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Update: Due to Jeremy’s extensive and impressive post, I thought we would let this run another day. Our weather is pretty quiet right now. A nice Thursday on the way. A little rain/snow on Friday, but little if any accumulation. The home opener for the Brewers is still looking pretty crummy. Showers, wind, and cold with temps in the low 40s. Dress warmly. Thankfully, we have a roof.
Thank you for stopping by the Weather Watch 12 blog. Hard to believe another month has passed and we are talking about the first full month of spring! After a winter that produced above average snowfall, and slightly below average temperatures, it’s time to look ahead using the LRC, or Lezak’s Recurring Cycle. Remember, this is the only place in southeast Wisconsin that you will find long range forecasts based on the LRC!
The ‘LRC’ which stands for Lezak’s Recurring Cycle is a weather pattern theory based on the following:
- A unique weather pattern sets up every year between October 1st and November 10th
- The weather pattern cycles, repeats, and continues through winter, spring and into summer. Identifying the cycle length helps tremendously when making long range weather predictions.
- Long term long-wave troughs and ridges become established and also repeat at regular times within the cycle. These dominant repeating features are a clue to where storm systems will reach peak strength, and where they will be their weakest.
- The LRC is a winter-long pattern! There is a pattern! It isn’t just one long-wave trough, storm system, or ridge. It is a sequence of troughs and ridges that are cycling across the Northern Hemisphere.
To put this in very simple terms, the weather pattern that occurs in October and November repeats thru the Winter, Spring, and into the Summer.
The easiest way to view the LRC is to look at maps in the middle of the atmosphere, the 500mb level. The 500mb level is really a good spot to analyze the trough(lows) and ridge(highs) positions to help determine the long term longwave ridges and troughs. At the 500mb level you also don’t have to factor in friction or surface moisture. The theory can be translated down to the surface(where we live), which we do in this long range forecast.
The cycle length will vary each year. I’ve seen cycles of 42-46 days, 60-62 days, etc. This year’s cycle duration is about 46-52 days. Overall most of the weather events have repeated about 47-51 days apart. After analyzing the pattern and surface results from October through March, I was able to get a very good idea of what should occur this April.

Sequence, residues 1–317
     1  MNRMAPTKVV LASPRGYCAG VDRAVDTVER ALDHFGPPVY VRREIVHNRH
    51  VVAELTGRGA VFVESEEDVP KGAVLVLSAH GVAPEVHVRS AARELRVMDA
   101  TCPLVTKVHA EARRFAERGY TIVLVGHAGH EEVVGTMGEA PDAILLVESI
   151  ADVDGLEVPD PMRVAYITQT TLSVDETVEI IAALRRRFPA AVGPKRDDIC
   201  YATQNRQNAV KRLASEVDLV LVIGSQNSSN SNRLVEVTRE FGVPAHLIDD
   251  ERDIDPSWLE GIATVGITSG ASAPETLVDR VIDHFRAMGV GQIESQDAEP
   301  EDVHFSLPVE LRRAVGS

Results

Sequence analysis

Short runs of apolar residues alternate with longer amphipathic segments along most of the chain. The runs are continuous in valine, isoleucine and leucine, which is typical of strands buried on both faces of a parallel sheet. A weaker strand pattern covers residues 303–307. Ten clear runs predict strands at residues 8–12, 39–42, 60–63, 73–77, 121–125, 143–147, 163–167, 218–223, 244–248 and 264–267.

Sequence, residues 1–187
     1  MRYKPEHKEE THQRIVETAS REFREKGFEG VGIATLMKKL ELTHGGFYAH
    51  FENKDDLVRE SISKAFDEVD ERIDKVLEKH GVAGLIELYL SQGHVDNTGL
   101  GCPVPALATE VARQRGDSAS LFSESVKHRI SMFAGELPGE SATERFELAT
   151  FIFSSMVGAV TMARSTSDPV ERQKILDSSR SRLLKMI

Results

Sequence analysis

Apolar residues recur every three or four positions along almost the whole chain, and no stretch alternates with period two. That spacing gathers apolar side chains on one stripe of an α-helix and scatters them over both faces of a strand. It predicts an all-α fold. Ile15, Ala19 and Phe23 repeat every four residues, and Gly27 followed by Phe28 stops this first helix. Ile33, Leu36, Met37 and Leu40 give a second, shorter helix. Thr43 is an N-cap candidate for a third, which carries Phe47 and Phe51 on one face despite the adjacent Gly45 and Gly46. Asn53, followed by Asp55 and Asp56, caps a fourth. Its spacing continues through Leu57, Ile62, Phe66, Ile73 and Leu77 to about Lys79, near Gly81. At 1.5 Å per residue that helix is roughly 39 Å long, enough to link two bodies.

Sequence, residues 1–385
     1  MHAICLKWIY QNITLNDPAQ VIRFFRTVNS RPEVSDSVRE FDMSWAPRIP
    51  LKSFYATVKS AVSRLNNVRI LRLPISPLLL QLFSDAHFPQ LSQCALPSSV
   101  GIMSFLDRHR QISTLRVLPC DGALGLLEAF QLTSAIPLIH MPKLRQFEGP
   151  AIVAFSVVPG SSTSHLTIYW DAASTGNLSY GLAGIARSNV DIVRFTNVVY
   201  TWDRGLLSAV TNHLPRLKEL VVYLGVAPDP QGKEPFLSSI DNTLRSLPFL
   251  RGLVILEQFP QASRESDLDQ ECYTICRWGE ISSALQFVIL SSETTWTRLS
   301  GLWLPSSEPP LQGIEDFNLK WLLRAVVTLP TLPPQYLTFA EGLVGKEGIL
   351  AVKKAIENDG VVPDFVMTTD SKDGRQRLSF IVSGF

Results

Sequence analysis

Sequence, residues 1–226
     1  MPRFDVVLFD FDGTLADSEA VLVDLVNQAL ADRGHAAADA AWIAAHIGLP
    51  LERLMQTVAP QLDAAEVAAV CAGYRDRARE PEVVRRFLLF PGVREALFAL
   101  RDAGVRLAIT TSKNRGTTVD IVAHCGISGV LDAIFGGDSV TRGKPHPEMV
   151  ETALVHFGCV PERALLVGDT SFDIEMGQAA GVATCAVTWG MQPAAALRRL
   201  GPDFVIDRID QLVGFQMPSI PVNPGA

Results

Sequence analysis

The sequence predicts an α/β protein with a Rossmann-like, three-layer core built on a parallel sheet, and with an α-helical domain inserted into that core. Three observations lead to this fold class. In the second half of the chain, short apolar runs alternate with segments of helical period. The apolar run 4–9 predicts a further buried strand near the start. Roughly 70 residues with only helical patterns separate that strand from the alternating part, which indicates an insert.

For this long range April forecast I will highlight when the most active weather and biggest temperature swings should occur during April.
Let’s start by looking at what a typical April looks like weatherwise in Milwaukee.
- Average Precipitation 3.78″
- Average Snowfall 2.6″
- Average High/Low (1st 48/32 & 30th 60/41)
Since the first several days of April are covered on the 7 day forecast I will only briefly touch on them.
Rain or snow showers are possible to start the month across the state on the 1st. A more impressive storm system should impact the region around April 3-5 with rain, wind, and colder temperatures on the backside of the storm. Some parts of the state could see wet snow before the storm ends. Certainly not great news for Brewers fans looking for a warm day for tailgating!
This storm lines up very well with the one that moved by the Midwest December 24-25.
If you want warm weather, this will be the timeframe for the first really good chance at seeing above average temperatures in April. This is the part of the pattern that I touched on at the end of the March forecast that was posted here in the blog on February 27. Here is what I stated then:
While many are hoping for an early Spring, I just don’t see it this year for Wisconsin. However, I do think the first good chance at highs in the 70s may be around April 7-11.
This part of the pattern has occurred like clockwork in the 3 previous times through the cycle. Each time producing a stretch of 2-3 days with temperatures at least 10 degrees above average! I think the warmest days should occur somewhere between April 7-11, and the first 70s of the season are possible.
Each time the big warm-up came crashing down as a storm system moved into the region. I expect that storm system to occur again around April 11 give or take a day or two.